There is also the barrier of teen marriage; in the developing word, one in nine girls is married before the age of fifteen. An adolescent girl married off lifts the financial burden from her family and passes it on to her new in-laws, so there is little incentive from either side to see their child or daughter-in-law educated, as it is seen that she now should make a home—including babies—for her husband. Even if adolescent girls have the opportunity to go to secondary school, because they are hitting puberty going to the latrine at school can be a huge stress. It’s not just fears of being attacked on the way to a bathroom (one study by UNESCO and the United Nations Girls’ Education Initiative found that 30% of rapes that happen in South Africa take place in or around school) but also the fact that bathrooms are often unisex, meaning a girl will feel uncomfortable in terms of privacy, especially if she is menstruating. She may worry about being made fun of by boys (and other girls) in her class and she may likely have little access to things like sanitary napkins and fresh water to clean herself.
Adolescent girls may also face religious or social pressures in their homes or in their communities, which may frown down on girls who are educated past primary or lower secondary school. Girls also face an uphill educational battle if they live in a community that has struggled after a natural disaster, like in Nepal where over 1 million children were out of school and 36,000 classrooms were damaged by the earthquake in April 2015. Conflict and war also disrupt education for children and adolescents; according to a UNICEF report in 2016 nearly 24 million children living in 22 countries affected by conflict do not attend school, and, according to a 2015 paper “Education in Emergencies and Protracted Crises: Towards a Strengthened Response,” it is girls who are disproportionally affected.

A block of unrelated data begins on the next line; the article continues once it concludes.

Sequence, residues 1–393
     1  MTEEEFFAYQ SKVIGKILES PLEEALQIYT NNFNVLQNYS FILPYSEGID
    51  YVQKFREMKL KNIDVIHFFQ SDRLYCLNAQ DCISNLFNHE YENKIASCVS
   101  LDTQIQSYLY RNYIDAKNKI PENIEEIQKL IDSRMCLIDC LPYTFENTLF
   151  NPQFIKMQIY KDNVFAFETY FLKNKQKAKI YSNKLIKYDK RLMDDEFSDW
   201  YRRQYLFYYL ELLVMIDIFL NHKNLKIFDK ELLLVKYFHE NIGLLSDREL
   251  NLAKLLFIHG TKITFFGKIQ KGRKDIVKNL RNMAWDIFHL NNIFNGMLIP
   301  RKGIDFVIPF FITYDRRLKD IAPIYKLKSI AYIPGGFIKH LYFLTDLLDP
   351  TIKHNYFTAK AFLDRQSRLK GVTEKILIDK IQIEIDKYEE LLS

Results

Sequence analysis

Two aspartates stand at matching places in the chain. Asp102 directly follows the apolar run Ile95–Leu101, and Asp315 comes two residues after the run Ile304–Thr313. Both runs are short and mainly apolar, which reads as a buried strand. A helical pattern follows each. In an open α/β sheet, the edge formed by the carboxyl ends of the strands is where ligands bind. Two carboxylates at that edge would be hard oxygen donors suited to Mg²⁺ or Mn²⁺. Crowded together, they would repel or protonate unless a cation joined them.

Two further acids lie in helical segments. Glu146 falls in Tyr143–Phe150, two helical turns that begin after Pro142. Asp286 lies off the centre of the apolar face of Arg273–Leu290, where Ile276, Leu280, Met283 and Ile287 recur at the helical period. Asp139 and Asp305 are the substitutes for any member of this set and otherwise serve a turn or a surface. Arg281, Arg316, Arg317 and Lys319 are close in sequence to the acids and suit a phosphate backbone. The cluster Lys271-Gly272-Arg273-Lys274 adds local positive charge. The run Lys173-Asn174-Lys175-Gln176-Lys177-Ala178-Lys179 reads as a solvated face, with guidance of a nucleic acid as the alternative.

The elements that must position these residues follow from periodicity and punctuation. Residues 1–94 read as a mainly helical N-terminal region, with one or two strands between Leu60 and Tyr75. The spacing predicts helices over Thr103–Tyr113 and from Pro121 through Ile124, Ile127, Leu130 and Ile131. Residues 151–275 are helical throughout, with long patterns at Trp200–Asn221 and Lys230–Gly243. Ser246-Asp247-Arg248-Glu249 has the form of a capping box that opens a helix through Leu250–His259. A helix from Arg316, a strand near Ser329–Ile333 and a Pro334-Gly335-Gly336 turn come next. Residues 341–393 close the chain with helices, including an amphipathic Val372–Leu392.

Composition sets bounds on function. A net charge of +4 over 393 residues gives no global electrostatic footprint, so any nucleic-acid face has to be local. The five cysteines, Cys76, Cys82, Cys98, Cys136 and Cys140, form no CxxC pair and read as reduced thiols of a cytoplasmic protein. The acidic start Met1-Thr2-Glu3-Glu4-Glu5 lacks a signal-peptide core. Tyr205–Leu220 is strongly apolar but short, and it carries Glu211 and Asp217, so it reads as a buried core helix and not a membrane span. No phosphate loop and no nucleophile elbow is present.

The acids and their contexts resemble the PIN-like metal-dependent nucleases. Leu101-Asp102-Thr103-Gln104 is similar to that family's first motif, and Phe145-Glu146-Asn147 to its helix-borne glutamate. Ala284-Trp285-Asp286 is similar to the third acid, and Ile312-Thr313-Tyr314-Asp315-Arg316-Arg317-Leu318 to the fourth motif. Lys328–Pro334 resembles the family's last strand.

In northern Nigeria in 2014 Boko Haram, a terrorist organization whose name translates into “Western education forbidden”, kidnapped nearly 300 girls from their secondary boarding school in Chibok to serve as “wives” for militants and possibly forced into becoming terrorists (21 girls were released in October 2016). There are also millions of adolescent girls who are orphans, being raised by their grandparents, relatives, neighbors or even themselves— with education often left off the priority list.
Secondary school girls, however, are also at the age where they are starting to articulate their feelings and opinions, and to fight for things they believe in. Their dreams for their adult life start to not only become more nuanced but many young adolescents also understand what things they must do to work towards those goals. For example when she was 14, Malala Yousafzai, the girls’ education advocate and youngest ever Nobel Prize winner, was shot in the Swat Valley in Pakistan for speaking up about the rights of girls’ secondary education.
There are a number of organizations including CAMFED, Room to Read, Plan International, the Population Council and Girl Up that are helping to empower not only adolescent girls through campaigns like radio and television programs and girl groups, but are also working with parents, brothers, fathers and wider communities to encourage them to support education. The Sustainable Millennium Goals (SDGs), introduced at the United National General Assembly in September 2015, have focused not only on universal secondary education but also on gender equality for women—and girls. As Lawrence Summers, then the World Bank Chief Economist said back in 1992, “Investment in girls’ education may well be the highest return investment in the developing world.” Mr. Sow, for one, certainly agrees with that assessment.
All photos courtesy of Ginanne Brownell Mitic